As a High School drama teacher in a really poor school I was able to pull off #1, #3, and #4 and I got all my gear working. Get your drama teacher/tech advisor involved. There is always a little money for this type of stuff but you need to push for it now before the school year starts. It may actually be too late... the budgets may already be locked in and you may have to wait until spring.
     
  5. Sayen

    Sayen Active Member

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    It's definitely common. We don't have an official auditorium manager, but it is understood by consensus that I'm in charge. Gafftaper gave some great thoughts, and I would only add that #4 is huge. Demonstrate that you're a knowledgeable professional, and don't pay out of your own pocket for equipment and upkeep.

    If you're maintaining and running the equipment, be strict (and professional) with how your equipment is used, that will also cut down costs.
     
  6. gafftaper

    gafftaper Senior Team Senior Team Fight Leukemia

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    I can't tell you how many times I came in to school in the morning only to find all the stage lights turned on onstage. I had a LOT of serious but professional talks with people educating them that it cost me about $10 an hour in lamp life to run all the lights.

    That's brings up another good strategy. Figure out the dollars per hour cost of running your lighting system in terms of lamp replacement.

    For example: I have 36 S4's with 2000 hour long life lamps. Lamps cost me $20. That's $720 to replace them all. 2000hrs divided by $720=$2.78 per hour toward the cost of replacement to run them all. Total them all up you'll be surprised how much lamp life you burn REALLY fast.
     
  7. JD

    JD Well-Known Member

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    You also have to factor in the lifespan of the equipment. Lets say you have $90,000 in total equipment (dimmers, lights, etc.) If you use a 10 year average lifespan, it costs you $25 per day or $175 per week. The equipment will probably last a lot longer, but there's also a lot of time where it is not in use, so I find the formula evens out pretty well.
     
  8. HighWattageKid92

    HighWattageKid92 Member

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    Thanks guys
     
  9. DAE

    DAE Member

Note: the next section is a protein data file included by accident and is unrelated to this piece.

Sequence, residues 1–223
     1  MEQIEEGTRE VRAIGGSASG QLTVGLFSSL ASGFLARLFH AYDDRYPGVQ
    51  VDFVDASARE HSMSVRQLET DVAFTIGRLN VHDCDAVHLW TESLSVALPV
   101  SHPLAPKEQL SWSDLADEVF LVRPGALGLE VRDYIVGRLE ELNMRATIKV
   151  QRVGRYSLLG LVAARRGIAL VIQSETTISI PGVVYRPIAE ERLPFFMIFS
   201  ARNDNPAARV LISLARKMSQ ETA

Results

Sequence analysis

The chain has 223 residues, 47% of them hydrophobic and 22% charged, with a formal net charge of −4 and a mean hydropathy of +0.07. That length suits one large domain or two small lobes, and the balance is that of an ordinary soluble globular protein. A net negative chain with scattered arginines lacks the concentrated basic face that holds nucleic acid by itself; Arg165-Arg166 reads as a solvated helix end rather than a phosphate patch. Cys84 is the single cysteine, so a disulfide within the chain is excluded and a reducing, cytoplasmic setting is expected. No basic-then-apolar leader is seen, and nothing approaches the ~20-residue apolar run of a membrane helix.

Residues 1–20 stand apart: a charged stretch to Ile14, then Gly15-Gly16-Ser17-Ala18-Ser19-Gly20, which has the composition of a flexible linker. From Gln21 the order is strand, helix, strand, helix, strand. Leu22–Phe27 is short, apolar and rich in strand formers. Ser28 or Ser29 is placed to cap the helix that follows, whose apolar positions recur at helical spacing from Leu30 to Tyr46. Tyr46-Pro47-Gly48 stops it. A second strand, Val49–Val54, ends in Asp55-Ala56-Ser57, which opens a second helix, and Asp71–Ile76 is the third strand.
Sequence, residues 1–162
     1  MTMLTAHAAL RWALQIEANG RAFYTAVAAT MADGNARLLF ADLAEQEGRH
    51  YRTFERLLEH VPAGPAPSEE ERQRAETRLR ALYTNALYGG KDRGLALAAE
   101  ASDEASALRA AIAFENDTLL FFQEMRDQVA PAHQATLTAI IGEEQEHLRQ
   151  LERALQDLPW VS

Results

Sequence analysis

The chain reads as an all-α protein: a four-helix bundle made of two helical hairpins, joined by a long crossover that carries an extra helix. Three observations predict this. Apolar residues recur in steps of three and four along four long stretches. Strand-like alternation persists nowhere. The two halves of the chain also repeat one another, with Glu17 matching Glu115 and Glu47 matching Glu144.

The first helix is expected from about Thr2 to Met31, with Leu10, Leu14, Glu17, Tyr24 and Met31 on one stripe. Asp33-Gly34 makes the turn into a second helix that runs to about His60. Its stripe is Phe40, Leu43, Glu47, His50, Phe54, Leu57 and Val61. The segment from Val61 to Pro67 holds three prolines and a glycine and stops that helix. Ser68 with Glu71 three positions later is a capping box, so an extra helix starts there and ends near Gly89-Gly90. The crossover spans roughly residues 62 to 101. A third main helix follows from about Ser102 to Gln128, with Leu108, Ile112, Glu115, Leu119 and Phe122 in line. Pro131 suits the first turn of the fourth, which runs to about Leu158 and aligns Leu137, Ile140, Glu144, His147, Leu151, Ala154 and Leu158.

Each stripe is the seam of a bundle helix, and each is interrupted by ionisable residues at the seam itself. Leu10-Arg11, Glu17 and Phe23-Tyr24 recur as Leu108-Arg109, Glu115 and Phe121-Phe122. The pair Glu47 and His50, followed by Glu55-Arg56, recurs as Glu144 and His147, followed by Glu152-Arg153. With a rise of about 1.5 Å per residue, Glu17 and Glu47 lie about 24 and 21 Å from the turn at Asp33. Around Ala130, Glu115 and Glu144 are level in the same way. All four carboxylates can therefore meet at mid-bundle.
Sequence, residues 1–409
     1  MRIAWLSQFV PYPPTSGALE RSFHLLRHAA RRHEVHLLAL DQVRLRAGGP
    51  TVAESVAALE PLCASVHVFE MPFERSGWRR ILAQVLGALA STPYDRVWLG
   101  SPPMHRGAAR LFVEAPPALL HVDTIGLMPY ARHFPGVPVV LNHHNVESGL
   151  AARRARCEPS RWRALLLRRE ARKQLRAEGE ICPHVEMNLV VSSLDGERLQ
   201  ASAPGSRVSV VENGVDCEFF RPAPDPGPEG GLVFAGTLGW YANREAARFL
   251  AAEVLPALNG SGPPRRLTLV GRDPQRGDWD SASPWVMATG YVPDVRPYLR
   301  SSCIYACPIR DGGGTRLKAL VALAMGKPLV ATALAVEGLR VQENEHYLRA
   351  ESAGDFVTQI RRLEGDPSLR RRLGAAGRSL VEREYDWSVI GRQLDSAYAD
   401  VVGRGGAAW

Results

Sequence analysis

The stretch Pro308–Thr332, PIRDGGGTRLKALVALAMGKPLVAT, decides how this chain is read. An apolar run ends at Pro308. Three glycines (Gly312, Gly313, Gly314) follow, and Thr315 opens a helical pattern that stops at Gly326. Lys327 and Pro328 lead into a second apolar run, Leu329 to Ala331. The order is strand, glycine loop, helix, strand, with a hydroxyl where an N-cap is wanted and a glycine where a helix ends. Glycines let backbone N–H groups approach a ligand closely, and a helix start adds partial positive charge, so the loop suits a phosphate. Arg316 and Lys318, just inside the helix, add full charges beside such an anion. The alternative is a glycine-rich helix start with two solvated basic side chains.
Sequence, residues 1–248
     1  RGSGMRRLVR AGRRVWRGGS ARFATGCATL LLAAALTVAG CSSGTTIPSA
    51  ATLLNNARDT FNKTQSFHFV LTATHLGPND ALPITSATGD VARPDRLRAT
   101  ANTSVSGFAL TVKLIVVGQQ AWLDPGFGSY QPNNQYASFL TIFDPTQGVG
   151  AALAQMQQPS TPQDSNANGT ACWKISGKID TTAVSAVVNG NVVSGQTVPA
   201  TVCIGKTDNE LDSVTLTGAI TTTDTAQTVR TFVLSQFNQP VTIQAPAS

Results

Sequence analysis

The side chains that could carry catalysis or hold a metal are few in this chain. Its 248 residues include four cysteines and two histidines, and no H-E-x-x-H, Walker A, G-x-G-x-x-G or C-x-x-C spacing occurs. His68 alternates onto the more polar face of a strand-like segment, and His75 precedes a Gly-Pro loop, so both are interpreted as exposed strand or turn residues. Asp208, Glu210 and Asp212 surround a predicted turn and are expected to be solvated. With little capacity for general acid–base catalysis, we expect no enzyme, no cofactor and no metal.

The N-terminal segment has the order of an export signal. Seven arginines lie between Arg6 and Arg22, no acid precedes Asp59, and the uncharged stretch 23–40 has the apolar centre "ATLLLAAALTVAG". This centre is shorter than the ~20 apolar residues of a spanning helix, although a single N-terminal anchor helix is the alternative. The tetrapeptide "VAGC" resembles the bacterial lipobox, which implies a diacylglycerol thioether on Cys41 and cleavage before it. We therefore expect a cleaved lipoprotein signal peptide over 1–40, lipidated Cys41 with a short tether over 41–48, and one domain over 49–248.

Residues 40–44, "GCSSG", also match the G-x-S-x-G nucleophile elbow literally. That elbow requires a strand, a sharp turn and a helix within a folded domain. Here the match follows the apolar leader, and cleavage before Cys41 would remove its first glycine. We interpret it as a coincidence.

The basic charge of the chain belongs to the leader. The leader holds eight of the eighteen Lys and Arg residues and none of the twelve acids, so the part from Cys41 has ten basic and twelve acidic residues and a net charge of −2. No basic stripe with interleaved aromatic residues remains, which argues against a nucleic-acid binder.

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    All of the above replies are good and cover most bases.
    You need to recruit users from different sections of the school so when you go to ask for maintenance funding there are wider areas to get it from. i.e. dance, darama, award ceremonies, conventions, club meetings.
    It is harder to get capital or upgrade funding so put your plan together that only asks for capital funding every other year.
    As has been said, look for outside one off funding and even though it is the easiest solution, keep your hands out of your wallet, that way the system will find the funding when the increased users group wants more lights working.
    A cheap and effective set of worklights, easily switched on, will take the pressure off using stage lighting for set construction and early rehearsal sessions, with responsability put on a person for every session to ensure lights are turned off at the end of each session. Make sure there are adaquate security lighting on movement detectors or timers to allow people to leave the venue and feel safe without leaving your main rig on.

    I have built up a few amateur theatre groups lighting rigs and initially we borrowed and loaned from other clubs, juggling productions schedules so shows did not clash and asked the committees to pay 1/4 of what we saved in hire costs into buying new equipment. This built the pool up untill the clubs went solo as they had adaquate rigs to use. You will also find that this method relies on a good relationship with the other clubs and as people move on, these relationships will dwindle over time.